FIG. 8 is a partial cross sectional view of the engine of FIG. 1, in which it may be appreciated that the housing of the engine includes a cover;

FIG. 9 is a cross sectional view of the engine taken along a section line 99 shown in FIG. 8;

FIG. 10 is a cross sectional view of a substrate of the engine of FIG. 8 taken along section line AA shown in FIG. 8;

FIG. 11 is a cross sectional view of an assembly including the substrate of FIG. 10;

FIG. 12 is a cross sectional view of an assembly including the assembly of FIG. 11;

FIG. 13 is a cross sectional view of an assembly including the assembly of FIG. 12;

FIG. 14 is a cross sectional view of an assembly including the assembly of FIG. 13;

FIG. 15 is a cross sectional view of an assembly including the assembly of FIG. 14; and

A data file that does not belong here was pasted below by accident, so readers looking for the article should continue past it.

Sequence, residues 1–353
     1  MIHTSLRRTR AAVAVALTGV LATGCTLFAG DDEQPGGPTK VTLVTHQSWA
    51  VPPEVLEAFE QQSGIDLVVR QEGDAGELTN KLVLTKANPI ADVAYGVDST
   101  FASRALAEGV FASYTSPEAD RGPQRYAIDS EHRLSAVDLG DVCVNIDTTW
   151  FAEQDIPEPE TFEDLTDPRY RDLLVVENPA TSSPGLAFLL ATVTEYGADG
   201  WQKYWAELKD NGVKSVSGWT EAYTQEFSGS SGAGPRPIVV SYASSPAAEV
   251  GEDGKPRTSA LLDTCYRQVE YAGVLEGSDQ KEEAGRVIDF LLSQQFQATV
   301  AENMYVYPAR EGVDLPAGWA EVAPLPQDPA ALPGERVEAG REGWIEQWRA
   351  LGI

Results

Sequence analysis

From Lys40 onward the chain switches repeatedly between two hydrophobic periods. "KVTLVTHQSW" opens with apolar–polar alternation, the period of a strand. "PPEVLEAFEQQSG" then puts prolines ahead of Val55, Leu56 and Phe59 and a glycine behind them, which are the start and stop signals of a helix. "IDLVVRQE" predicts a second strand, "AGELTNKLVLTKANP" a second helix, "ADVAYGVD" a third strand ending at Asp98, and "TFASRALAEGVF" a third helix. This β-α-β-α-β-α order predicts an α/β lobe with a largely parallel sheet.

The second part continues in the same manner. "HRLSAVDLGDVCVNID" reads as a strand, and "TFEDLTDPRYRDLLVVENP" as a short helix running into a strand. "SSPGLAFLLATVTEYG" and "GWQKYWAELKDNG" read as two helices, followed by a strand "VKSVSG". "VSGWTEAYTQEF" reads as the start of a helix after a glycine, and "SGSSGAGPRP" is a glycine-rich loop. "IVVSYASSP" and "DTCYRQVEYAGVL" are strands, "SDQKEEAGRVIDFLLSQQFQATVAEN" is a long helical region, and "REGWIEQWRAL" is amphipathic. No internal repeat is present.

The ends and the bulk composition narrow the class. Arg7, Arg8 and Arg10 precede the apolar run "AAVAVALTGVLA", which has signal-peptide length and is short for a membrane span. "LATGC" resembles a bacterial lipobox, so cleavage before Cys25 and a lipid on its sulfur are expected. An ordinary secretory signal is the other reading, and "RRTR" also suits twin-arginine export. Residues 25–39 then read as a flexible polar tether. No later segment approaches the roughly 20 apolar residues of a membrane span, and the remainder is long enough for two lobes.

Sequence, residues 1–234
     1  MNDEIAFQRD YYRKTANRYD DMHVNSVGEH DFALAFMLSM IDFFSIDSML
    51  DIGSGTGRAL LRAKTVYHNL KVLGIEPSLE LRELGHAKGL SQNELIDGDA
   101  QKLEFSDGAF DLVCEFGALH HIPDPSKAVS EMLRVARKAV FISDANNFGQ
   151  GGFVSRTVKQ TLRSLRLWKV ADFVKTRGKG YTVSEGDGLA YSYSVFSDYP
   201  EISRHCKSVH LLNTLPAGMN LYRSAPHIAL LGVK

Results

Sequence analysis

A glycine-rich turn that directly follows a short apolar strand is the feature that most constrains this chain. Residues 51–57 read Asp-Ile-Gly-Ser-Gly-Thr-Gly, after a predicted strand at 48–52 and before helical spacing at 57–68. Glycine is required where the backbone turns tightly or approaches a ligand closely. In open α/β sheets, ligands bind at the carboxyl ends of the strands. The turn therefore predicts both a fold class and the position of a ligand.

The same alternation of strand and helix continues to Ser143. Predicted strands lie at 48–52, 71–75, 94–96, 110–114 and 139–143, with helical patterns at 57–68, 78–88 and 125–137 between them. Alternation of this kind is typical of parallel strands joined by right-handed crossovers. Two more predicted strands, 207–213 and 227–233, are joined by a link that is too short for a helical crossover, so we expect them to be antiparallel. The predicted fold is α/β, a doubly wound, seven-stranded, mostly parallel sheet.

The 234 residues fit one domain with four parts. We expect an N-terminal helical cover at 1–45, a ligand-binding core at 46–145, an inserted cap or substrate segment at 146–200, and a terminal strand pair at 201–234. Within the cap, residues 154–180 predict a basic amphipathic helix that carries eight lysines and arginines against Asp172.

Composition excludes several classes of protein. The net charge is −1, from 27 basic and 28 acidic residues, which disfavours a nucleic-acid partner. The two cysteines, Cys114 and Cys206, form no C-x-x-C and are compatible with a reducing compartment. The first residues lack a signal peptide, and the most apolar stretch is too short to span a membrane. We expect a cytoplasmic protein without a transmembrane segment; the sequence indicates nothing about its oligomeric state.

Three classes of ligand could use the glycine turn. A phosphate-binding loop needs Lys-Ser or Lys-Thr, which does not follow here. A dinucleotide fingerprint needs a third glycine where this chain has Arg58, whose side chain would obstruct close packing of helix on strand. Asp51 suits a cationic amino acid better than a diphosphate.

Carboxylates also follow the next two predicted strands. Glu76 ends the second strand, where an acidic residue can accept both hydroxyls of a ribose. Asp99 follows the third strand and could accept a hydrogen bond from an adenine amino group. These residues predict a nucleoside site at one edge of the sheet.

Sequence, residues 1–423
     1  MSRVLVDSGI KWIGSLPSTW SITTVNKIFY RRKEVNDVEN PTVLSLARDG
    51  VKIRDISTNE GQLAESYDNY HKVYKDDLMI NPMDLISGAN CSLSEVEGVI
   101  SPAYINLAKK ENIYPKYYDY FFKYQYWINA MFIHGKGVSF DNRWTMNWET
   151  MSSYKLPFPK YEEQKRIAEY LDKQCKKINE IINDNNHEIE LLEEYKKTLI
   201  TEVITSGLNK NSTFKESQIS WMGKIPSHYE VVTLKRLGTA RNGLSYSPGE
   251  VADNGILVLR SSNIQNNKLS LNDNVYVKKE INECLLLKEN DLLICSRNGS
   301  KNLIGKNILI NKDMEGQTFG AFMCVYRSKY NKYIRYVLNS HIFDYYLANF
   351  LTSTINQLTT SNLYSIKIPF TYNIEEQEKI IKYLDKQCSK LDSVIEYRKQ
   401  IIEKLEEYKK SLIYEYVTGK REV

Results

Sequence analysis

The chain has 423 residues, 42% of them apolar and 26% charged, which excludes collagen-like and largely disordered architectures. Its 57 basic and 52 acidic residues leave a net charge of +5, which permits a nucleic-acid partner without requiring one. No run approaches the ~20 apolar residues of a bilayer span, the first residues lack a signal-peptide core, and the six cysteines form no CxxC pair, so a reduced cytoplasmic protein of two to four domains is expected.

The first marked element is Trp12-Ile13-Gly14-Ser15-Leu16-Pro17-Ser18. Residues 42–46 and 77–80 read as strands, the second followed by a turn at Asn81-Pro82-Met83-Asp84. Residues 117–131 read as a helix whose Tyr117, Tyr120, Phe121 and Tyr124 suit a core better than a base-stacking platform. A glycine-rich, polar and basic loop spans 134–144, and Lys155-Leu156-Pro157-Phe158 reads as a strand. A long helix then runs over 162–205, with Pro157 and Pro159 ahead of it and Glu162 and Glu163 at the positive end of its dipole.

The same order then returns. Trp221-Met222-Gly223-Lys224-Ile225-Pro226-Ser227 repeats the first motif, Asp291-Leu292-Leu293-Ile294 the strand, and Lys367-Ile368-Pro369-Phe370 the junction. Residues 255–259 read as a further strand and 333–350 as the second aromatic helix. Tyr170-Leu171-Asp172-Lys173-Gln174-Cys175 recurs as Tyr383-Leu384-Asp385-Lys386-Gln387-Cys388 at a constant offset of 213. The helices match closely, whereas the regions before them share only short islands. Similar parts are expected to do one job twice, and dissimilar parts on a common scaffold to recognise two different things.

FIG. 16 is a cross sectional view of an engine in accordance with an additional exemplary embodiment of the present invention.

DETAILED DESCRIPTION OF THE INVENTION

The following detailed description should be read with reference to the drawings, in which like elements in different drawings are numbered in like fashion. The drawings which are not necessarily to scale, depict selected embodiments and are not intended to limit the scope of the invention. In some cases, the drawings may be highly diagrammatic in nature. Examples of constructions, materials, dimensions, and manufacturing processes are provided for various elements. Those skilled in the art will recognize that many of the examples provided have suitable alternatives which may be utilized.